Konga Fitness

Yoga for Lower Back Pain



The lower back is one of the sensitive parts of the human body that can easily be strained, leading to back pain. Yoga may be just what the doctor has to prescribe if you’re suffering from lower back pain. Yoga is a mind-body therapy mostly recommended to treat back pain and the stress it causes. The different poses work to relieve tension in the body and increase your strength.  

Several large health organizations have researched yoga’s value in health care. Research has shown that yoga can be as effective as physiotherapy for conditions like arthritis, balance issues, oncology, chronic pain, and others.

Benefiting from yoga doesn’t require you to be a fitness expert, but you should take these stretches seriously. Overstretching or practicing yoga in the wrong form can lead to injury, so consult an expert or a yoga instructor for advice if you have no prior experience. 

Factors that can contribute to lower back pain

According to the National Institute of Neurological Disorders and Stroke, factors that can contribute to lower back pain are:

  • advancing years
  • Sedentism or inconsistent exercise habits
  • Obesity or being overweight
  • Smoking 
  • Tight hips and hip flexor 
  • Bad posture and 
  • Weak muscle core

Can I Practice Yoga If I Have Lower Back Pain?

Even if you have low back pain, practicing yoga is usually safe if you don’t have a vertebral fracture, acute herniation, or nerve injuries. You should also avoid or modify some poses if you have a serious lower back injury.

Before starting, consult your doctor. List any exercise restrictions or limitations due to an acute low back injury or chronic low back pain.

Here are some beginner yoga poses to reduce your lower back pain.

Cat–cow pose 

Cat-Cow is an excellent way to stretch and relax your chest, back and hips during warm-up.

How to pose:

  • Place your hands and knees in a tabletop position and gradually move into the Cat pose.
  • Hold your spine, keep your back arched, and remain in this position for about 30 seconds.
  • Now transition to the Cow pose by drawing your spine in, pushing back your shoulder blades, and raising your head.

The Cat-cow pose helps to bring your spine into a neutral position, relaxing your muscles and relieving tension.

Repeating the Pose will drastically reduce your back discomfort (10-20 inhales and exhales are a good number), keeping your breath rate constant.

Child’s Pose 

Child’s Pose is a great exercise for your back and hips and a resting or calming pose.

How to pose: 

  • Kneel and sit on your heels while aiming to touch your big toes.
  • Spread your knees towards your hips. Exhale and keep your torso between your thighs
  • Broaden your sacrum diagonally to your pelvis and direct your hip to point toward the navel, allowing them to nestle down onto your inner thighs. 
  • Pull your head slightly away from your neck and elongate your tailbone away from the back of your pelvis. 
  • Place your brow on the mat.

Extend your arms, keep your palms down, and spread your fingers. Rest and take a few breaths in this position.

Supine twist 

This move, like the supine twist, will relieve lower back tension by opening up the hips.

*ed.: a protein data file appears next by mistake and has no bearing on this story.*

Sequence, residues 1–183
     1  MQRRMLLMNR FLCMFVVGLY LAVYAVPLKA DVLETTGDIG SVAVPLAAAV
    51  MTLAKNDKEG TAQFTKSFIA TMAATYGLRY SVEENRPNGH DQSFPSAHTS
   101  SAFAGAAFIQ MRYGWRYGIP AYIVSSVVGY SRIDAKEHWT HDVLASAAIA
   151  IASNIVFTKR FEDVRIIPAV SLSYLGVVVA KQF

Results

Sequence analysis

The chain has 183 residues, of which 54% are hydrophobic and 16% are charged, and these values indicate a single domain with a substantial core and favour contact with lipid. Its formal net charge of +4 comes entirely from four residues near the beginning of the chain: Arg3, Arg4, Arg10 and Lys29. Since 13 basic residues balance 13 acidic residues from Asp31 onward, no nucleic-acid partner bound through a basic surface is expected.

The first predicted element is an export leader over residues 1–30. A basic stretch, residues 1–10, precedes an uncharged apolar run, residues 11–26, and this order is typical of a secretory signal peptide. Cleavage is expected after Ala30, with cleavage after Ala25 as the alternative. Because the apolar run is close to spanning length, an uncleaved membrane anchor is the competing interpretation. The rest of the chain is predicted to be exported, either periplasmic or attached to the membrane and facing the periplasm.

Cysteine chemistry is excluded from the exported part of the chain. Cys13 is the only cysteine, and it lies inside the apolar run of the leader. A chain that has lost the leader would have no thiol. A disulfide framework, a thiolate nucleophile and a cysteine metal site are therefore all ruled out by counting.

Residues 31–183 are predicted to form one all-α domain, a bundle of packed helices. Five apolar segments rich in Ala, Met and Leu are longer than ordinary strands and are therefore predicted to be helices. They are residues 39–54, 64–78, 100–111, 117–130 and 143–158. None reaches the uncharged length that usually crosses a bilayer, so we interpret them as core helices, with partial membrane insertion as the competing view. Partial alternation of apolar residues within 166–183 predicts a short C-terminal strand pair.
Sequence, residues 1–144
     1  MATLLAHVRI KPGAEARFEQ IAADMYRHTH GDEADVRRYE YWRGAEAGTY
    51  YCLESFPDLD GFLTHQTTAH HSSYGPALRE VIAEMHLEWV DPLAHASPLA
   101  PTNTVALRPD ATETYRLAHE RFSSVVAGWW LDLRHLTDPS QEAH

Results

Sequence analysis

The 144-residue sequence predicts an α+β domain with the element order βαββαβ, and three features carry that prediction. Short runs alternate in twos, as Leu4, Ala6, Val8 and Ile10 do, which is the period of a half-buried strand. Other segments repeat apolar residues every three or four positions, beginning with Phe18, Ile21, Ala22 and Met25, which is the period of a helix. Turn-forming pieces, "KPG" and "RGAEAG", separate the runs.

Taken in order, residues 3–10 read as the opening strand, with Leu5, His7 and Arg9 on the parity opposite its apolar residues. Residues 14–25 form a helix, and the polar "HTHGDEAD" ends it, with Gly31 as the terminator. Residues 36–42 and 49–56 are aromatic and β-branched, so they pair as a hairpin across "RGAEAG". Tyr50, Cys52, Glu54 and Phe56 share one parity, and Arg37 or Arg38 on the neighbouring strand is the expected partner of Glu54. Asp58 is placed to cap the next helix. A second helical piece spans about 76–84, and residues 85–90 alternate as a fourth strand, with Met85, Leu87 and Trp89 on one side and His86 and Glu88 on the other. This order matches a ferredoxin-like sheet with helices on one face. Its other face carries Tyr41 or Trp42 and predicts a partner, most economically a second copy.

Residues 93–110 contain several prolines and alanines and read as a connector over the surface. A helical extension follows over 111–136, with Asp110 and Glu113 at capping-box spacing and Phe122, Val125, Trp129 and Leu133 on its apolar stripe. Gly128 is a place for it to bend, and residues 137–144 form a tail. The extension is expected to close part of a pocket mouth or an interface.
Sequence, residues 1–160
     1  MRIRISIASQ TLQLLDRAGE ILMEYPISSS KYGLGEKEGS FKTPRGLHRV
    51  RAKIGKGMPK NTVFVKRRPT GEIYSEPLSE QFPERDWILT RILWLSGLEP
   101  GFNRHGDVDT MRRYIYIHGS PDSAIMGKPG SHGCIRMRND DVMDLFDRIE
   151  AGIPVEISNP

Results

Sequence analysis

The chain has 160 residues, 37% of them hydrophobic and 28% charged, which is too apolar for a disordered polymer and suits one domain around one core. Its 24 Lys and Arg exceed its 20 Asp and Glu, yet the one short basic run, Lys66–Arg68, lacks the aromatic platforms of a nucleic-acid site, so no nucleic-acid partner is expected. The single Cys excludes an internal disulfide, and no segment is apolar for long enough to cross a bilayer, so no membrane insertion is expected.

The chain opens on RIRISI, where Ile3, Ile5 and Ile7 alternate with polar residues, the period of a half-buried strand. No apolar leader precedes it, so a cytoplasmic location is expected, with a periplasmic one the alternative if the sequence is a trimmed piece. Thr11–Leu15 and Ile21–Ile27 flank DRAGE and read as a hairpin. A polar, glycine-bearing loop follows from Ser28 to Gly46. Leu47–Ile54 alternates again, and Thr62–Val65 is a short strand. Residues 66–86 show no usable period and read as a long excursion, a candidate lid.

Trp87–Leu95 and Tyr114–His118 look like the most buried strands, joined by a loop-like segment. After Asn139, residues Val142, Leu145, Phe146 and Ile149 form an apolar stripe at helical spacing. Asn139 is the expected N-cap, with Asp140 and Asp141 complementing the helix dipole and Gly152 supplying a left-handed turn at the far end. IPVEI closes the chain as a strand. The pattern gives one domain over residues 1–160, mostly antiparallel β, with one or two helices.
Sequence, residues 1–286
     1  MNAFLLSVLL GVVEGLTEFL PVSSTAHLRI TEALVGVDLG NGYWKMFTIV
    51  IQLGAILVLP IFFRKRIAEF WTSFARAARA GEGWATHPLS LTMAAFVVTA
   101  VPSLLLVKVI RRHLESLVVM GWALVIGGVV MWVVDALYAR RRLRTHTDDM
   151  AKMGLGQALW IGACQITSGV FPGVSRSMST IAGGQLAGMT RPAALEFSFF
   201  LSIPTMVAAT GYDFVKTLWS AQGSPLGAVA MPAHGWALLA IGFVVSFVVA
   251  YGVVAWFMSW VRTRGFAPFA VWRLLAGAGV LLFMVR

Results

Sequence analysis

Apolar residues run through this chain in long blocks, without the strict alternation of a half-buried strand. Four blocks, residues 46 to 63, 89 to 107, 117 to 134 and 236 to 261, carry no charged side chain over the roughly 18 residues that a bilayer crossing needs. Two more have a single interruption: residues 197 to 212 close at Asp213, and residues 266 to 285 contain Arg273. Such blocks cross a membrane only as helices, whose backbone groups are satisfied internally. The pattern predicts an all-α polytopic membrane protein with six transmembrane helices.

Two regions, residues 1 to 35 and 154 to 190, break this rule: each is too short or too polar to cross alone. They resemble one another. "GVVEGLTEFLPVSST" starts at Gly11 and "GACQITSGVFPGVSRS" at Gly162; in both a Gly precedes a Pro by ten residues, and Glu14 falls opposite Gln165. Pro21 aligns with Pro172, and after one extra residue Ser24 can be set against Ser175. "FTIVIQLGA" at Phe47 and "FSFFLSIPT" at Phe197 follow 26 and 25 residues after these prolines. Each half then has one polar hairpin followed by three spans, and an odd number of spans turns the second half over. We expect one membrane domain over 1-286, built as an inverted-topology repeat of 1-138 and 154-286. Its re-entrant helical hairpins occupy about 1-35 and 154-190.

How to pose: 

  • Lie on your back, push your knees towards your chest, and turn both legs to the left. 
  • Your left knee should be placed on top of your right, resting on the ground. Don’t force it if you feel pain. 
  • To provide support, place a pillow under your left knee. Hold this position for 1 min before repeating on the other side.

Wind relieving 

The major benefit of the Knees-to-Chest Pose is it relaxes and stretches your lower back, which relieves pain. 

How to pose:

  • Lie on your back, fully extended.
  • Bend your knees, lift each foot from the ground one after the other, and bring them very close to your chest.
  • Hold your thighs with both hands as you enter a hugging position with your knees.
  • Rock gently from right to left to massage your lower back.
  • Remain in this position for as long as you feel comfortable, then return to the fully reclined position.

Standing forward bend

This Pose strengthens and relieves your hips, quadriceps, hamstrings, and calves. It’s also a great stress reliever.

How to pose:

  • Put your palms on the floor and push them in front of your feet. 
  • Firmly press the heels into the floor and raise the sitting bones to the ceiling.
  • Turn the top thighs inward slightly.

Half-happy baby pose  

One of the common causes of lower back pain is tight hips. This Pose will aid in the release of tension.

How to pose:

  • Lie your back. Now, grab your foot and pull your right knee towards your chest. 
  • Relax your lower back.
  • Grab the sole of your right foot with your right hand and pull it down. This will bring your right knee to the ground on the right side. Your right ankle will also be right above your right knee.  
  • Stay for one minute—rep on the opposite side.

Upward dog stretch

This Pose helps to open the chest, stretch the abdominal muscles, and engage the back.

How to pose:

  • Lay on your back with your palms facing down by the middle of your ribs.
  • Try Lifting your chest using your back strength, not your hands. In the same interval, push the top of your feet into the floor.
  • Hold the position for 7 to 10 slow breaths before repeating.

Yoga is a holistic way to improve your spine health; you know a healthy spine is a pain-free back. These yoga poses will help relieve and protect you from lower back pain. Ensure you only practice these poses with a yoga expert to prevent injuries. 


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